After a frustrating drive through the Philadelphia suburbs on a Friday evening at rush hour, we arrived at our friends’ home, with a bottle of wine and a loaf of homemade cream cheese pound cake in hand, offerings to the “gods of respite” providing their hospitality that night. The tantalizing aroma of homemade pizza wafted our way as we stood in the doorway knocking the snow from our shoes. We were not to be disappointed that evening!

We greeted John and Lauren, Jack and Will, as well as Zane, the collie, and Kato and Erika, the cats, then enjoyed wine and hors d’oeuvres there in the kitchen, where the cooks could join in the merriment. Soon, though, we repaired to the dining room for a feast of pizza—one smothered in salmon, cream cheese, capers, and scallions, the other in prosciutto and several cheeses. A green salad accompanied, and thick and creamy homemade “tea” ice cream (John’s specialty) followed. What a treat! Who cared that it was 20 degrees outside?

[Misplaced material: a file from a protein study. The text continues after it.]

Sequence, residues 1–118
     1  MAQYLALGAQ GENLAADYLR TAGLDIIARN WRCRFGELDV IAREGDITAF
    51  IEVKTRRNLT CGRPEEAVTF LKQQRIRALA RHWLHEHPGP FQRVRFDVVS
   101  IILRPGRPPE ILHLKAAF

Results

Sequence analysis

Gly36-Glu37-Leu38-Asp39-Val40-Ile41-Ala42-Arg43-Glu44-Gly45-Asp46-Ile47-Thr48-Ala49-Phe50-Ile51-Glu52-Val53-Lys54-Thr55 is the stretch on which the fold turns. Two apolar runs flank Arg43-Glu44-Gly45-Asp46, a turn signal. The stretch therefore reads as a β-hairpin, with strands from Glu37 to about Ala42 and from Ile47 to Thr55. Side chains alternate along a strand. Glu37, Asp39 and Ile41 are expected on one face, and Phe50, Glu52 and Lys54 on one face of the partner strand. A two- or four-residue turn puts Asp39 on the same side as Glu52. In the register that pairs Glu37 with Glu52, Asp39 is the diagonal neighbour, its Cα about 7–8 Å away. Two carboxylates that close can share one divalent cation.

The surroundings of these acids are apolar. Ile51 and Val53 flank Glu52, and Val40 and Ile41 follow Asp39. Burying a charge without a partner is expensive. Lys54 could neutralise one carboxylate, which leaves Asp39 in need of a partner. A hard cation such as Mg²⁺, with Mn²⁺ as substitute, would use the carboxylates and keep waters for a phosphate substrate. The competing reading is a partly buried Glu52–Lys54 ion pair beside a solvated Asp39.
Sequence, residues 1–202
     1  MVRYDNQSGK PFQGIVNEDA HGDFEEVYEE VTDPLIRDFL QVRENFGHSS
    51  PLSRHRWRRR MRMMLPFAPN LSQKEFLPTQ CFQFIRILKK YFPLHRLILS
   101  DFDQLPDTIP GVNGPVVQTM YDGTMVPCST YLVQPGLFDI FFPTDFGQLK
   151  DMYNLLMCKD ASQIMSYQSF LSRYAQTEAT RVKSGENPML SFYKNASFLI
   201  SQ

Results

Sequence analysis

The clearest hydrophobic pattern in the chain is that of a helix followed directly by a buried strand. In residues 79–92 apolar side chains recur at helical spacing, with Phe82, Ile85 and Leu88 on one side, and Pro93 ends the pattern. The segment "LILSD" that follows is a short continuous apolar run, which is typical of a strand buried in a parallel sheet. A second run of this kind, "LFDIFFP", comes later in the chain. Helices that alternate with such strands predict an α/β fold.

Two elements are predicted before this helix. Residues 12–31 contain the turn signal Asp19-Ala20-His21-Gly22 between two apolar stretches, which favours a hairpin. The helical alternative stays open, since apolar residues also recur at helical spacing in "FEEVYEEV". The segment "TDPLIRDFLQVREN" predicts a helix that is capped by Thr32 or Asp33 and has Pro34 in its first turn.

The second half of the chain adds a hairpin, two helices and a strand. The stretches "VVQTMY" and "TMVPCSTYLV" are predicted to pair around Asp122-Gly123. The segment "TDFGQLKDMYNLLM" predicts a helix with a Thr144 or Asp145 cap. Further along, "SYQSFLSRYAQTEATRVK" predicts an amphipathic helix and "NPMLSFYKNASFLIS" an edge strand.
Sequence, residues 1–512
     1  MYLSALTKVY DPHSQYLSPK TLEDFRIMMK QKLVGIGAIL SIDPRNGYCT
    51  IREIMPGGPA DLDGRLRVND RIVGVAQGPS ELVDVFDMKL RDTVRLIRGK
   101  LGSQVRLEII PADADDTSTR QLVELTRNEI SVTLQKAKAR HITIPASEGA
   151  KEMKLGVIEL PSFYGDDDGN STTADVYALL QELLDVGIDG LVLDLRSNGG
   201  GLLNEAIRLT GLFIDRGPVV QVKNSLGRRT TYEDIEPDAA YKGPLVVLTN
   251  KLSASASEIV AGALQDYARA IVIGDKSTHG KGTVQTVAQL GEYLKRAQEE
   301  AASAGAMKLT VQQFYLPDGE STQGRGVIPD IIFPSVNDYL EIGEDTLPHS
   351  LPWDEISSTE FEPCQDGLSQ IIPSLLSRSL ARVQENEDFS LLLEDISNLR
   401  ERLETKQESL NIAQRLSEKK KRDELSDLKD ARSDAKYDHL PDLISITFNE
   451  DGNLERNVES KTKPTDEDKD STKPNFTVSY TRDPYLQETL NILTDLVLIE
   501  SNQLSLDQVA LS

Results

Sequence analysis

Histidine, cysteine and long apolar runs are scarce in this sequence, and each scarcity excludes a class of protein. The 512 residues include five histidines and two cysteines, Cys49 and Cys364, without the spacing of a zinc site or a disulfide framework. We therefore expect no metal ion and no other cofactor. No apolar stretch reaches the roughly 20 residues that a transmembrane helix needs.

Jack and Will (front), and Lauren, Gary, and John, sailing last summer.
After dinner, it was time to play games! We tried our hand at one of the boys’ favorites, “Apples to Apples,” which had nouns, adjectives, and challenges galore. It was fun to play with Jack and Will, wise beyond their years, each of them with a unique sense of humor and strategy for winning. Soon, however, the game was over and it was bedtime, at least for the boys.

The four of us “grown-ups” sat down in the living room to bravely attempt some small talk, but all too quickly our eyelids drooped. We were done in by the energy of those talkative young boys (Will more so than Jack) and all of our own game playing, pizza eating, and wine drinking. On top of that, of course, it was Friday night, and we were feeling the effects of the long work week. So, soon it was time for the rest of us to retire, as well. Tomorrow would be another day!